UFC president Dana White has become extremely committed to being non-committal on future matchups the night of an event.
These days, when White gets asked about a division’s landscape, the phrases, We’ll see how it plays out and We’ll figure it out at our matchmaking meeting next week have become reliable responses. Sometimes, he’ll even throw an I have no idea in for good measure.
So, what’s truly next for the UFC’s lightweight division, following Charles Oliveira‘s sensational win against Beneil Dariush at UFC 289? It’s a heck of a discussion. Here are some burning questions about arguably the UFC’s premiere weight class, including a look at The Ultimate Fighter coaches and how they fit in the mix.
Who’s next for Islam Makhachev?
Right now, the front-runner is Oliveira. Despite White’s refusal to commit to anything, even he couldn’t deny that Makhachev vs. Oliveira makes sense. He even said he’d be excited to see that rematch (Oliveira lost to Makhachev in October).
Oliveira is not, however, the only option. Far from it.
Dustin Poirier faces Justin Gaethje in the main event of UFC 291 on July 29, in a rematch of a fight from 2018. Neither Poirier nor Gaethje has fought Makhachev yet, and the winner will (deservedly) call for a title shot. Even if that doesn’t happen immediately, I suspect the winner will sit and wait for a title shot, even if it means not fighting again in 2023.
There’s also Alexander Volkanovski, who will look to defend his featherweight title against interim champion Yair Rodriguez at UFC 290 on July 8. Volkanovski lost to Makhachev in a very closely contested title fight in February. As long as he beats Rodriguez, I would make Volkanovski the favorite to face Makhachev next. The first fight was brilliant, and Volkanovski has a massive platform on July 8 to make a statement, headlining the UFC’s International Fight Week. If he takes care of business and knocks his post-fight speech out of the park, I’m guessing we’ll see that fight again.
How do Conor McGregor and Michael Chandler fit in?
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They don’t. Not right now. Whenever the fight happens, they will certainly factor in. But right now, it’s fair to question whether that fight will happen at all. McGregor keeps saying he’s going to enter the mandatory drug testing pool with USADA — and yet, one day goes by after another without official confirmation that he’s done so. He needs to be in that testing pool for six months before he’s clear to fight. That already puts us in December. How can anyone be even slightly confident that the fight will happen in 2023?
Again, when it does happen, all bets are off on how it might impact the division. Especially if McGregor were to win and demand a title shot, it would be outrageous to suggest the UFC wouldn’t consider it. McGregor wouldn’t have earned a title shot at all, but the UFC is a business, as we all know, and a McGregor title fight is good for business. But this fight is so far off at the moment and not even a real thing, it’s pointless to speculate how McGregor fits into a division in which he is 0-3 since 2017.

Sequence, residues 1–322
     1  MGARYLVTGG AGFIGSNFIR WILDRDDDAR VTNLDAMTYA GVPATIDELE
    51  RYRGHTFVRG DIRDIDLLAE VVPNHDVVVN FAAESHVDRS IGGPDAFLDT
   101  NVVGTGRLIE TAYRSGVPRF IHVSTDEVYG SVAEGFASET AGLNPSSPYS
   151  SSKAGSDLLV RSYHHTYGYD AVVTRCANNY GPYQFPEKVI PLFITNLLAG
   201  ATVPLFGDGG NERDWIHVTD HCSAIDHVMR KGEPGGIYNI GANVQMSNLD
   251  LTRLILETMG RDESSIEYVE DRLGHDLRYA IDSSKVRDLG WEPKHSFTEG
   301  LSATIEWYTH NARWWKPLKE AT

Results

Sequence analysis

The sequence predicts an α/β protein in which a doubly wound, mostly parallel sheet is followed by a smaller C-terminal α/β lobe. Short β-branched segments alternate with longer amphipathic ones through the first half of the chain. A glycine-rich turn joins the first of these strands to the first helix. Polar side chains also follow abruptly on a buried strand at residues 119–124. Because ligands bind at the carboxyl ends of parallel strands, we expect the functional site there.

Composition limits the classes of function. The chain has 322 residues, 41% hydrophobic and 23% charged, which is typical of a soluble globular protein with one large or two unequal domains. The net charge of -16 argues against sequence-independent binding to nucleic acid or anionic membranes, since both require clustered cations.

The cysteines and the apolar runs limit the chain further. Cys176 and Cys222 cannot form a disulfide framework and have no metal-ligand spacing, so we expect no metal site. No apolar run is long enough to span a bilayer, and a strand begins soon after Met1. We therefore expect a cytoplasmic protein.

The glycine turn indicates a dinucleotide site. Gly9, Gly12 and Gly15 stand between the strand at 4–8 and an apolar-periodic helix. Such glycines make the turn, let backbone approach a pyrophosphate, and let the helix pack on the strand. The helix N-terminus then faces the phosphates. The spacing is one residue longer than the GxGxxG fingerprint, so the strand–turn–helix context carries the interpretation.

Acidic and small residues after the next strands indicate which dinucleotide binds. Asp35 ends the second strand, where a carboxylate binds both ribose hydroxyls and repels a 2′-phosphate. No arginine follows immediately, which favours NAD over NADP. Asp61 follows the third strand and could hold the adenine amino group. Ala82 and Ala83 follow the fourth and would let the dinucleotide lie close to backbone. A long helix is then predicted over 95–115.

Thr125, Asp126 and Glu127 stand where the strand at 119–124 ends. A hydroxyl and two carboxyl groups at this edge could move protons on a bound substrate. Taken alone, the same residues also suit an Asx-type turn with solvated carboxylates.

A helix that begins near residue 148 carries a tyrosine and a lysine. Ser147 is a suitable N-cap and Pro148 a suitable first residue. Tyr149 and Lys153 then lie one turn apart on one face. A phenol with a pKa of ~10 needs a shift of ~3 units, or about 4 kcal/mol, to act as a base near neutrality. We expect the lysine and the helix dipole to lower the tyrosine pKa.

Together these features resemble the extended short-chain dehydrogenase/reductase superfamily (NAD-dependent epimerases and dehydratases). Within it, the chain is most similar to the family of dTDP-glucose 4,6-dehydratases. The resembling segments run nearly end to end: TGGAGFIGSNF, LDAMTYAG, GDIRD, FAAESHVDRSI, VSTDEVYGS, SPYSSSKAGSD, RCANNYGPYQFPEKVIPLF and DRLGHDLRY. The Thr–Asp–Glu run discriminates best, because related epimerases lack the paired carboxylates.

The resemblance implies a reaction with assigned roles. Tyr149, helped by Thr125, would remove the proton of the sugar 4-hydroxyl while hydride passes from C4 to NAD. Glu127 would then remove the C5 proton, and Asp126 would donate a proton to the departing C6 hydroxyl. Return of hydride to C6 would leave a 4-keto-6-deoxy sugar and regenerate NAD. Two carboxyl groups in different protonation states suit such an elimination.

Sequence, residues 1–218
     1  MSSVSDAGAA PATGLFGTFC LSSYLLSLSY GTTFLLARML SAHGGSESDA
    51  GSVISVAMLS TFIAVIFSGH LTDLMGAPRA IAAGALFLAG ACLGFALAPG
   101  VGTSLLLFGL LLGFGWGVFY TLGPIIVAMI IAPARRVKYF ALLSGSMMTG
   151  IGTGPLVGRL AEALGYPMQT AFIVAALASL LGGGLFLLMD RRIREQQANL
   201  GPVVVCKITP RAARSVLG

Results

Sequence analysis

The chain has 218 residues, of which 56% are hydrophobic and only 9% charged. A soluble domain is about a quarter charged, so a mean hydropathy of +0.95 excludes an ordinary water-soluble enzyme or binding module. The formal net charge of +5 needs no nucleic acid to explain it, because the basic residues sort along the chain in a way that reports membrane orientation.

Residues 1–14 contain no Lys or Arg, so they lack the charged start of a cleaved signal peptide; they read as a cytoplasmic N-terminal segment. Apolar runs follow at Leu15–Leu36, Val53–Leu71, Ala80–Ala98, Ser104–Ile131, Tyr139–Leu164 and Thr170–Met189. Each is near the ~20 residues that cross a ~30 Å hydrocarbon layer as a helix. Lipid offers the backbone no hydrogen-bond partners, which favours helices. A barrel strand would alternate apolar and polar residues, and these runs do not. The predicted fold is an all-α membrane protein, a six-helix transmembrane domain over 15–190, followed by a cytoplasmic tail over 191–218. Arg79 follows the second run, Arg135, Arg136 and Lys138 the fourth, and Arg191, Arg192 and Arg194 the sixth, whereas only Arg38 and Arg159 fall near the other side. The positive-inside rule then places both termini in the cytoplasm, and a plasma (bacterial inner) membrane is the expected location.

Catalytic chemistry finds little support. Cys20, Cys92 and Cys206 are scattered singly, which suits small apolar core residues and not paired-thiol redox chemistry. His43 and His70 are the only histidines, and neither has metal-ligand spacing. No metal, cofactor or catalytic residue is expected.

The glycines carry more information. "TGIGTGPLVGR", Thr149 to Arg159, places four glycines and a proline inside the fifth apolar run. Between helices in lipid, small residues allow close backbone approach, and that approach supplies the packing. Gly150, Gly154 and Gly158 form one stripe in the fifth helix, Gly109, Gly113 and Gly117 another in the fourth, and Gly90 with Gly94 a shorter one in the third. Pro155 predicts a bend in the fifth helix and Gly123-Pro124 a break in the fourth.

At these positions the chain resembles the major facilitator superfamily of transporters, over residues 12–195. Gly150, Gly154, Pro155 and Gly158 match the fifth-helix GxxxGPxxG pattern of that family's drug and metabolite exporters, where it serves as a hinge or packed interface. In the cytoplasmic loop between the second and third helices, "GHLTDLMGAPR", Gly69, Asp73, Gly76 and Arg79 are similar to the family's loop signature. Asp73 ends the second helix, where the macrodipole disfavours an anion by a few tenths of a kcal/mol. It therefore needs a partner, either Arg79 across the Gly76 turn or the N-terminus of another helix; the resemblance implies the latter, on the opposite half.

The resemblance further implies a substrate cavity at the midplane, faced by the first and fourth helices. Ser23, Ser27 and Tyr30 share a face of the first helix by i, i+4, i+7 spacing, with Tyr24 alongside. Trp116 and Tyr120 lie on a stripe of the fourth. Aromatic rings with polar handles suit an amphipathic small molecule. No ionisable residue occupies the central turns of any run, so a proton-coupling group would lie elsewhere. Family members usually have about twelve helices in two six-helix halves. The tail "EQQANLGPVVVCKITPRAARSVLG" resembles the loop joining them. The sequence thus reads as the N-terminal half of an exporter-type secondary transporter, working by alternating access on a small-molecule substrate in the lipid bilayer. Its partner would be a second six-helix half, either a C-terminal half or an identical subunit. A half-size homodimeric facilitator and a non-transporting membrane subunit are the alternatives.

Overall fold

Where does Beneil Dariush fit in, following a disappointing loss to Oliveira?
This was a tough loss for Dariush. He did everything the company asked of him (and then some) during an eight-fight win streak. Sources say he had a brutal weight cut leading into UFC 289, which might have impacted his performance. Maybe, maybe not. While we can’t take anything away from Oliveira, obviously, it’s still hard not to feel for Dariush who has still never fought for a UFC championship.
If we know one thing about Dariush, he likely won’t sit around and lick his wounds for too long. He’ll be looking for a fight relatively soon, and the UFC will probably use his situation as an opportunity to give a chance to some of the new blood of this division to fight a highly-ranked opponent. That new blood includes …
Keep an eye on these names for the rest of the year:
Rafael Fiziev. Fiziev missed a big chance in April to collect a win against Gaethje, but if he learns from that experience and comes back a better version than he went in, there is still champion-level potential here. He’s ready to accept a fight, sources say, but the UFC has yet to come to him with a plan.
Jalin Turner. Turner suffered his first loss since 2019 earlier this year, in a split decision against another darkhorse of the division, Mateusz Gamrot. The UFC is high on his potential, though, as evidenced by his booking a matchup against fan favorite Dan Hooker on July 8. Turner wins that, and the promotion will likely look for another opportunity to showcase his progress.
Chasing Islam Makhachev: How the world’s top lightweights can get (back) in the title mix